Exploring on the other side of the rubble, Barbie tries an idea characters on this show are often banned from having: asking and saying what needs to be asked and said. Why didn’t Sam tell anyone about Melanie being a zombie from the 1980s? Oh, wait — THANKS FOR ASKING, BUT YOU’RE ABOUT TO FALL INTO A HOLE THAT NEVER ENDS. Next time, just keep quiet, Barbie. Unless you’ve got another line as good as this one: “I don’t like you hangin’ around Julia, ‘cause I think you’re shady as hell. But right now, we’re both stuck on some cliff, so how boutcha shut up.”

Where is it exactly that the Domekidz 2.0 (unless Lyle/Sam/Melanie/Pauline were the original Domekidz — then we’re at 3.0) find Joe? Did Angie have an apartment in town? Because the McAlister family home got leveled a few episodes ago in the magnetpocalypse. Wherever they are, they leave and go directly to the spot on the lake where Julia dropped the magic rhythm-shaker egg. The Domekidz do their Captain Planet move and summon the egg back into the plot.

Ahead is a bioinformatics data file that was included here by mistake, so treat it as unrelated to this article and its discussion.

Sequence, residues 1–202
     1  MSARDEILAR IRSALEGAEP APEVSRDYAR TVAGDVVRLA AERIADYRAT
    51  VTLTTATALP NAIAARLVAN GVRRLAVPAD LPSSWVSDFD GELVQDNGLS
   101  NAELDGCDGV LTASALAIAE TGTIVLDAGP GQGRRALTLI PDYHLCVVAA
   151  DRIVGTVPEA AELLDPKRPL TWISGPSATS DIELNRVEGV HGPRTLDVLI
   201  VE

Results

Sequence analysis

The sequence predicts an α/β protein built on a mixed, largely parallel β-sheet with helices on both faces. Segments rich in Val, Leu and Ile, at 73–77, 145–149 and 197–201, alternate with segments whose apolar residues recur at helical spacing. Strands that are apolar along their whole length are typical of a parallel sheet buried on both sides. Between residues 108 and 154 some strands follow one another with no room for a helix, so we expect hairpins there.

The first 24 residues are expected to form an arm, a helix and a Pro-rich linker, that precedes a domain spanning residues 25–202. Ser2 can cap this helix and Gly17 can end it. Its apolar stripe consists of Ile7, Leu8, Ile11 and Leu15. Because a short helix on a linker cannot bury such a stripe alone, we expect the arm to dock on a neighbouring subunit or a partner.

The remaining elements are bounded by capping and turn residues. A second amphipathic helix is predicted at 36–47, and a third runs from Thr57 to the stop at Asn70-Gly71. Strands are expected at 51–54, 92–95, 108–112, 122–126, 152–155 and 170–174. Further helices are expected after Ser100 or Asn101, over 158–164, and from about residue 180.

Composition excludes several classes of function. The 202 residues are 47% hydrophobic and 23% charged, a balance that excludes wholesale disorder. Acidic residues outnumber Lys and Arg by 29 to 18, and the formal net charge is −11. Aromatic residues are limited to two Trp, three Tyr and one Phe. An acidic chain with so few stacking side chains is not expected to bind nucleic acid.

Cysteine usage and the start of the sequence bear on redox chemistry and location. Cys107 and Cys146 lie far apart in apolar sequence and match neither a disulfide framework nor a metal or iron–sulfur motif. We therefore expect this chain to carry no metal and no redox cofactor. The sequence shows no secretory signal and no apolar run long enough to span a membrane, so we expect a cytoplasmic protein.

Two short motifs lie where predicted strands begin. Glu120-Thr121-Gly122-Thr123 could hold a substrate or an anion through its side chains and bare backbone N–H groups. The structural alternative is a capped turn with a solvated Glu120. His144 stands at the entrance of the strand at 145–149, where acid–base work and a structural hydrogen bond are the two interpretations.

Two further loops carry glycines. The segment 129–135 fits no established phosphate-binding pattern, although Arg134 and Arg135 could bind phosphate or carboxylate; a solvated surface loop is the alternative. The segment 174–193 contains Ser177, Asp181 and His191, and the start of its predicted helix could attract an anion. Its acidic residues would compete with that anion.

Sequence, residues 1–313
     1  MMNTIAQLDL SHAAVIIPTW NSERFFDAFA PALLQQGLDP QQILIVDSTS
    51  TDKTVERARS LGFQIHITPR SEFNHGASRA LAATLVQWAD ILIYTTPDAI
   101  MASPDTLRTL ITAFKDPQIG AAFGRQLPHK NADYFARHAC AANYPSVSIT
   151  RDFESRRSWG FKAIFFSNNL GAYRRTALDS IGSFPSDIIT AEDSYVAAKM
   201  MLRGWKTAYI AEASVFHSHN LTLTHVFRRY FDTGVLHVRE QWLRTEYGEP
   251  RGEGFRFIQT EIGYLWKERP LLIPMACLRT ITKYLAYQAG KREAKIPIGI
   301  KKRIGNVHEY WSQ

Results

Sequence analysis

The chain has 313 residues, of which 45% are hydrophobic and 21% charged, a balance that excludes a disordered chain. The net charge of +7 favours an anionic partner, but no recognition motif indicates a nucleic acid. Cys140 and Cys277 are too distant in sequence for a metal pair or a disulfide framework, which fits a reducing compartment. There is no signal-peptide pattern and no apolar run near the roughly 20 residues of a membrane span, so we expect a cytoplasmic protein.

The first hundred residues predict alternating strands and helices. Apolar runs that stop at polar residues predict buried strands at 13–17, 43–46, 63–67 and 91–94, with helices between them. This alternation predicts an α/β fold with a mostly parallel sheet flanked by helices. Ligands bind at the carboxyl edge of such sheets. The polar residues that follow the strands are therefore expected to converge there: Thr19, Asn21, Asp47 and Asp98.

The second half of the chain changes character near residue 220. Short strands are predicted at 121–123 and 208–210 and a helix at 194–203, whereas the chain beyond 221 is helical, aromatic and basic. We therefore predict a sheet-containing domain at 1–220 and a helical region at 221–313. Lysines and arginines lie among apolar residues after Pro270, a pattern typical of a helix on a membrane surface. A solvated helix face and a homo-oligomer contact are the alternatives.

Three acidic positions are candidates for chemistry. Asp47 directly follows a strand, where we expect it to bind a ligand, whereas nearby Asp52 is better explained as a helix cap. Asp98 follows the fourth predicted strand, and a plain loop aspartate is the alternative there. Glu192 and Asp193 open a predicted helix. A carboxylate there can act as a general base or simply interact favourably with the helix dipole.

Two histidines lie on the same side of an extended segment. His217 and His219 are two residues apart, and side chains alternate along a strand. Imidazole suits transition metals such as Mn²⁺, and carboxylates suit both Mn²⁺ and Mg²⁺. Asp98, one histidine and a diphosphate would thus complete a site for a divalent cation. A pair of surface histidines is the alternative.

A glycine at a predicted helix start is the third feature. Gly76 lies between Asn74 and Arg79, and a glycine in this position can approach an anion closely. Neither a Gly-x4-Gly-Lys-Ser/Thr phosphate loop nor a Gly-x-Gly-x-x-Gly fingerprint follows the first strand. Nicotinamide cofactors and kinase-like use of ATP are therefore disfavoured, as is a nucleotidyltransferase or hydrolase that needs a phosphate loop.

Dude-man Benny (real name: JOHN ELVIS) is back for the first time this season, and it’s good to see him. I can’t even be mad he didn’t think twice before going out in the dustbowl with his asthma, because that is soooo Benny, bro. Big Jim uses the town’s love of Benny to get Boss Science’s windmill plan underway. Together they assemble a rustic, large-scale version of one of those spray-bottle fans you buy at Disney World. It quells the Weather Formation/Natural Disaster of the Week. I was worried!

With just minutes on the scoreboard, the Domekidz initiate an egg-touching session and ignite a wonderful, meaningless flurry of pink stars. And there’s the Obelisk of Zenith, equally meaningless, equally pink. I haven’t had high hopes for learning about the Hounds of Diana, or Junior’s mom, or what it means for Julia to be the Monarch, or anything, really. Still, I’d prefer all-out silence to these bland nudges — Eh, eh, remember this thing you don’t know anything about and won’t know anything about for a long time, maybe forever?! We’ll see. Next week we’ll cross the halfway point for season two. Maybe the pace will pick up.